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Harris v. Beth

Court of Appeals of Arkansas, Division IV

March 29, 2017

JASON HARRIS APPELLANT
v.
NORMAN BETH APPELLEE

         APPEAL FROM THE SALINE COUNTY CIRCUIT COURT [NO. 63CV-2015-59-2] HONORABLE GARY ARNOLD, JUDGE

          Matthews, Sanders & Sayes, by: Mel Sayes, for appellant.

          The Brad Hendricks Law Firm, by: Mattheew E. Hartness; and Robert S. Tschiemer, for appellee.

          BRANDON J. HARRISON, Judge

         Jason Harris appeals the Saline County Circuit Court's denial of his motion for summary judgment.[1] He argues that the circuit court erred in finding that he was not entitled to immunity pursuant to Ark. Code Ann. § 21-9-301 (Supp. 2015). We affirm the circuit court.

         Harris is an officer with the Little Rock Police Department K-9 Unit and was assigned a canine officer named Ammo in October 2012. As part of his duties, Harris was required to house Ammo at his private residence in Saline County, and he and Ammo were required to be available on a twenty-four-hour, on-call basis to assist other officers as needed. In August 2014, Norman Beth, Harris's neighbor, was doing yard work at his home when he was bitten on the leg by Ammo, who had escaped from Harris's backyard. Harris was not home at the time of the incident.

         In January 2015, Beth filed a complaint against Harris alleging negligence and strict liability for housing an animal known to have dangerous tendencies. Beth sought compensatory and punitive damages for the injuries to his leg. Harris responded by denying the allegations in their entirety and by affirmatively pleading qualified immunity.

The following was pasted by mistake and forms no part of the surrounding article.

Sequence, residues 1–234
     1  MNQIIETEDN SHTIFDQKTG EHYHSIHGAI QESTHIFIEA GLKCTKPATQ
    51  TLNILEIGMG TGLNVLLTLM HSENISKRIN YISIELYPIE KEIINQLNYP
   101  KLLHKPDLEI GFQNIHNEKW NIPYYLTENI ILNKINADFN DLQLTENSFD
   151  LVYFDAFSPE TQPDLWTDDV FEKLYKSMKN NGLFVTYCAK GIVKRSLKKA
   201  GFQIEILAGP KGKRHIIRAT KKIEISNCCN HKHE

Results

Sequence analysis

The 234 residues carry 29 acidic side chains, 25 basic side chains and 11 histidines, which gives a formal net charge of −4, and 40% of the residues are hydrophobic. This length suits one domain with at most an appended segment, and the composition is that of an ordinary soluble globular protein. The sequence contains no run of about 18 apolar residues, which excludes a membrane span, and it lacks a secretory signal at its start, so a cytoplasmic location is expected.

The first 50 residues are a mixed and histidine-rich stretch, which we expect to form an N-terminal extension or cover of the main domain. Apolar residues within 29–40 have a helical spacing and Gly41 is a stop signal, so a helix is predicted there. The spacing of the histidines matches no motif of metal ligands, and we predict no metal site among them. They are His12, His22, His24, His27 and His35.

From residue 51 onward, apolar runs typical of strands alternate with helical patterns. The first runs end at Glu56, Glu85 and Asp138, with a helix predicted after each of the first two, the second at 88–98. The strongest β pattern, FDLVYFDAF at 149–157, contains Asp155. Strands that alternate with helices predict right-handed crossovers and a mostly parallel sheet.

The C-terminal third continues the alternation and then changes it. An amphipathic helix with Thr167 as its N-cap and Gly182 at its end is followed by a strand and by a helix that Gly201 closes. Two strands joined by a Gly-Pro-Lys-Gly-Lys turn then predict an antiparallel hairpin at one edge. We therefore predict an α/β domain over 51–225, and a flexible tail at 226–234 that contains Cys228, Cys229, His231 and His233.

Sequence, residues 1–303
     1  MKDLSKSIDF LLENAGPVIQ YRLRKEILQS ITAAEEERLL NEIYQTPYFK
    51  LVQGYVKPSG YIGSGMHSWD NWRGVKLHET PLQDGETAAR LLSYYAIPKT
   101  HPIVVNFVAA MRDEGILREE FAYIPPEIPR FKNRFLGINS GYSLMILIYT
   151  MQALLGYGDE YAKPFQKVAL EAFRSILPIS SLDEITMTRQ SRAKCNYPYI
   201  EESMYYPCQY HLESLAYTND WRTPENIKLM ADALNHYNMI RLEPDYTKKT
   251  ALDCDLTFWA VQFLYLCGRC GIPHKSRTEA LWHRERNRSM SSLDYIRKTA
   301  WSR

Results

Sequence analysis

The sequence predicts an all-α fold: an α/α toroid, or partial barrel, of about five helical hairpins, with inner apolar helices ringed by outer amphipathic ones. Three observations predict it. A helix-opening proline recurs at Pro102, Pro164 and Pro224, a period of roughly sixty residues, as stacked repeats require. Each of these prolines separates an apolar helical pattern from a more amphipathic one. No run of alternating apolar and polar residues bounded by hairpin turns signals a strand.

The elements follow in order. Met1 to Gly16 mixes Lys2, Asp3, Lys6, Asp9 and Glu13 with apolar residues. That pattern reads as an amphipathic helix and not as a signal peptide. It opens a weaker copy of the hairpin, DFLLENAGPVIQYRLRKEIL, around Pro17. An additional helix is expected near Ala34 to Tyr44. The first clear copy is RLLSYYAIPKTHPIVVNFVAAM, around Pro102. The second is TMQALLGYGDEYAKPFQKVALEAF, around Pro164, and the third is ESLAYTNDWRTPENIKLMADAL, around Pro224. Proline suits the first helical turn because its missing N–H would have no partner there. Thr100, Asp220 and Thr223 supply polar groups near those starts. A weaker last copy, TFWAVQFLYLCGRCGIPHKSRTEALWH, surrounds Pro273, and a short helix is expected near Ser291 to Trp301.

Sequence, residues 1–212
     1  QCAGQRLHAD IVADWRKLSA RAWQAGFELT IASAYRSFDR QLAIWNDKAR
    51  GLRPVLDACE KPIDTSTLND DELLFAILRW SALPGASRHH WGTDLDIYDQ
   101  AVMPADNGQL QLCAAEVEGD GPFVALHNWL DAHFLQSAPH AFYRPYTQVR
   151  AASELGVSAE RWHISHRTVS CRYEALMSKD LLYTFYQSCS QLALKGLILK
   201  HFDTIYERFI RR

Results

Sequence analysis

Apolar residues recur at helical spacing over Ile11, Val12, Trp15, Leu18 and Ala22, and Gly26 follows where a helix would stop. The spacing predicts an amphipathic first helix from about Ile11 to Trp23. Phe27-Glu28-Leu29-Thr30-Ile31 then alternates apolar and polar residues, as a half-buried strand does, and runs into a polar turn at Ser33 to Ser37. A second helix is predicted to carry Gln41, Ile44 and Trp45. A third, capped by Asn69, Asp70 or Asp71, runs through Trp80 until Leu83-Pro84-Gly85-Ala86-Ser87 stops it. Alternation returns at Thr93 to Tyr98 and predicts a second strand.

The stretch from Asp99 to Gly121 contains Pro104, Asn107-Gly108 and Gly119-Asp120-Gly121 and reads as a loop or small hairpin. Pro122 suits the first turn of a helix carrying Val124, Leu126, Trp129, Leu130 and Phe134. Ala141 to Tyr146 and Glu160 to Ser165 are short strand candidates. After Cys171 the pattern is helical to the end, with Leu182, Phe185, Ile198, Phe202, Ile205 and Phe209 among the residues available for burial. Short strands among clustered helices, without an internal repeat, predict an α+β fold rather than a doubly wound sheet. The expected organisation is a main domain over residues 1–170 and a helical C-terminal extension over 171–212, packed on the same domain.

In June 2015, Harris moved for summary judgment, arguing that there were no genuine issues of material fact and that he was entitled to immunity pursuant to Ark. Code Ann. § 21-9-301(a):

It is declared to be the public policy of the State of Arkansas that all counties, municipal corporations, school districts, public charter schools, special improvement districts, and all other political subdivisions of the state and any of their boards, commissions, agencies, authorities, or other governing bodies shall be immune from liability and from suit for damages except to the extent that they may be covered by liability insurance.

         Harris argued that this immunity is extended to a municipality's employees for acts of negligence committed in their offical capacities and that he was acting in his official capacity for the Little Rock Police Department by maintaining Ammo at his residence and remaining on call twenty-four hours a day. In support, he cited Autry v. Lawrence, 286 Ark. 501, 696 S.W.2d 315 (1985), which confirmed that Ark. Stat. Ann. § 12-2901 (now codified as Ark. Code Ann. § 21-9-301) immunized city employees when they were accused of negligence in the performance of their official duties.